BB: This is an easy one. No. As the case with any publishing house or art gallery, the established talent supports the emerging talent. There was a line in the latest Michael Cunningham novel, By Nightfall, that says something to the effect of, “You support art you like to support art you love.” I’m lucky enough with my authors to be able to say, “I support the art I love to support more art I love.” It’s that beautiful balance thing again, you know? If I love a manuscript and it’s difficult to market, so what? Books can change lives. Books can save lives. Authors often have no idea who all they’ve impacted. If a book that is difficult to market and therefore doesn’t sell well still makes its way through the channels of distribution and into the hands of someone who needs it, it’s a success. And we may never even know.

 

TM: You are a poet who just happens to be gay and as such, you are very involved in many aspects of publishing as it relates to the gay community such as Assaracus: the journal of gay poetry as well as your loving tribute editorially to John Stahle, creator of Ganymede. Your work on Ganymede Unfinished was stellarBryan and it must have fuelled your desire to use your position to promote equality and tolerance. Based on this, do you see the indie press movement as a potential political issue one day simply because it is a widespread arena for artistic free speech that is growing daily, and a thorn in the side of the conservative extremists?

 

BB: I am a right-wing, anti-art conservative’s worst nightmare. My existence alone – and our collective existence as writers and artists – are a protest in and of themselves. But I’ve figured out another way to be a thorn in the side of these anti-art types. Sibling Rivalry Press can’t apply or receive grants (from the National Endowment of the Arts, for example) because it’s a for-profit corporation. However, in my travels, I’ve met so many people who are hungry for art and literary, and I’ve seen packed crowds in so many cities. I’ve also met writers and artists outside of SRP whose work deserves to be heard and seen. With this in mind, I’m in the process of forming a non-profit organization to operate independent of SRP called The Grand Stage Foundation, and its mission is to provide educational programs to promote and develop literary talent, to provide education programs to bring writers together to perform readings for the public, to provide educational programs through writing workshops with the public, and to provide educational programs and resources to increase accessibility of the arts. The papers are ready to file and are sitting on my desk.

 

TM: My final question is rhetorical in nature,Bryan, but still a viable concern artistically for any indie publisher who is steering their business into deeper more profitable waters. You are in the midst of a serious growth spurt as we speak; your expansion into eBooks being a fundamental step in that direction. In light of your progress, how do you deal with the quandary of being a rebel indie press faced with the prospect of expansion that would take you far away from the philosophy of the fringe outsider making a difference? Does it compromise your initial artistic principles or do you feel it is actually a platform that gives you a manoeuvrability to change attitudes toward marketing books from the inside out?

 

BB: Great question. I can compare this philosophical dilemma to the internal dilemma I face over the Occupy (Wall Street, etc.)  movements. How can I, as the owner of a corporation, be anti-corporation? How can I be anti-tax laws that are suddenly benefiting me? The answer is responsibility. There can be corporate responsibility, and there can be literary and artistic responsibility. It’s all about balance.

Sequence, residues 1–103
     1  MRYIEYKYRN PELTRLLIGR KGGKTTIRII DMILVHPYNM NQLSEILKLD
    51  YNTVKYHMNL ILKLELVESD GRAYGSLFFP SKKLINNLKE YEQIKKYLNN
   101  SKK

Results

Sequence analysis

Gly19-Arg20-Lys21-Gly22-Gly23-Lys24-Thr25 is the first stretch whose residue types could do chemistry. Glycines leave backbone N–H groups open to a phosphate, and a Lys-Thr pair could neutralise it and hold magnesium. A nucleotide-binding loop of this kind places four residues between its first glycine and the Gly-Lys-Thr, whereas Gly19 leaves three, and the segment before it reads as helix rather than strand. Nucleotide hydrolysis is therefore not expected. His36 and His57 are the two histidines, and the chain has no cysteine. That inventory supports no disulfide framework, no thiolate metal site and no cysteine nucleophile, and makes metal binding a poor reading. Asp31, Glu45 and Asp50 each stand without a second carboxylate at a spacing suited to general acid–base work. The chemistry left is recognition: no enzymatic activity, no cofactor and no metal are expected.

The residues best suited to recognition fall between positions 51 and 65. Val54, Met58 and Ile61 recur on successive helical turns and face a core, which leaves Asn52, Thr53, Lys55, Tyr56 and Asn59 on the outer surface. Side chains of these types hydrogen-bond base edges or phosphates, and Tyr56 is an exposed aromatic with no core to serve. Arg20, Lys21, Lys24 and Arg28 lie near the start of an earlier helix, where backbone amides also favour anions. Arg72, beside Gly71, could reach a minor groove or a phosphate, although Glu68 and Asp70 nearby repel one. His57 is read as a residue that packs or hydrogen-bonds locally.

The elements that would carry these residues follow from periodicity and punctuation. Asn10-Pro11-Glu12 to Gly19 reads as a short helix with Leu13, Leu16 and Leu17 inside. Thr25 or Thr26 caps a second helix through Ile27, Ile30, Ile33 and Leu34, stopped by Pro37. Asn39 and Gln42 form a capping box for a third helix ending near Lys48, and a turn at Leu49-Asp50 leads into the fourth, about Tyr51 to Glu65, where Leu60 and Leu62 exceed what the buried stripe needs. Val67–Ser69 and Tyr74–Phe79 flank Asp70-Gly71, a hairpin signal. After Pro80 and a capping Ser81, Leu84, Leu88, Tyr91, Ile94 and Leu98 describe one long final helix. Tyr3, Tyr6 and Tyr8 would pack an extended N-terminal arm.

The truth is that the big boys and girls of the industry don’t know my name, and they probably never will. But I promise that one day they’ll know names like Ocean Vuong and Saeed Jones and Megan Volpert, and they’ll look back at their publishing credits and see Sibling Rivalry Press. And when that happens? I’ll be satisfied.

The move to eBooks is an economical one, sure. It costs very little to produce an eBook, and eBooks are the future. Not the future of books, in my opinion, because at some point eBooks are going to become so advanced and contain so many extra features that they’ll stop being books. But they are the future of publishing, so I have to be cognizant of the format. Still, I’m am pretty certain of the fact that good ol’ hardback and paperback books will always be around.

eBooks aren’t the only way we’re expanding. SRP just published its first novel, a reinvention of Leigh Binder’s How to Kill Harry, which Leigh originally self-published around the same time that I self-published My Life as Adam, and in February, we’re publishing our first novella, Shine by Donnelle McGee. We’re open to exploring different genres and breaking down barriers wherever we can. Poetry will always be a part of SRP, but now that we’ve built the stage, we want to invite all kinds of singers to the microphone.  There are so many stories that are screaming to be heard. I want SRP to be able to look writers in the eyes and say, confidently, I hear you. Let’s make sure others hear you, too.

 

 

 

 

 

4 Comments

  1. jessie carty January 02, at 21:27

    Such a well put together interview! You really have something great going here, Val, and I'm thrilled to know jihad and Bryan :)

    Reply
    • Administrator January 02, at 21:44

      Thank you Jessie! Bryan climbed my wall of steel to do this and he impresses me every single day with his guts, talent and charisma, as you do you poetess!

      Reply
  2. leigh binder January 02, at 12:18

    Great interview! As always, Val gets to the heart of the matter and Bryan Borland responds in kind....I love this shit!

    Reply
    • Administrator January 02, at 17:31

      Thanks Leigh! I think Bryan's answers were wonderful and it pleases me that you like this shit. :)

      Reply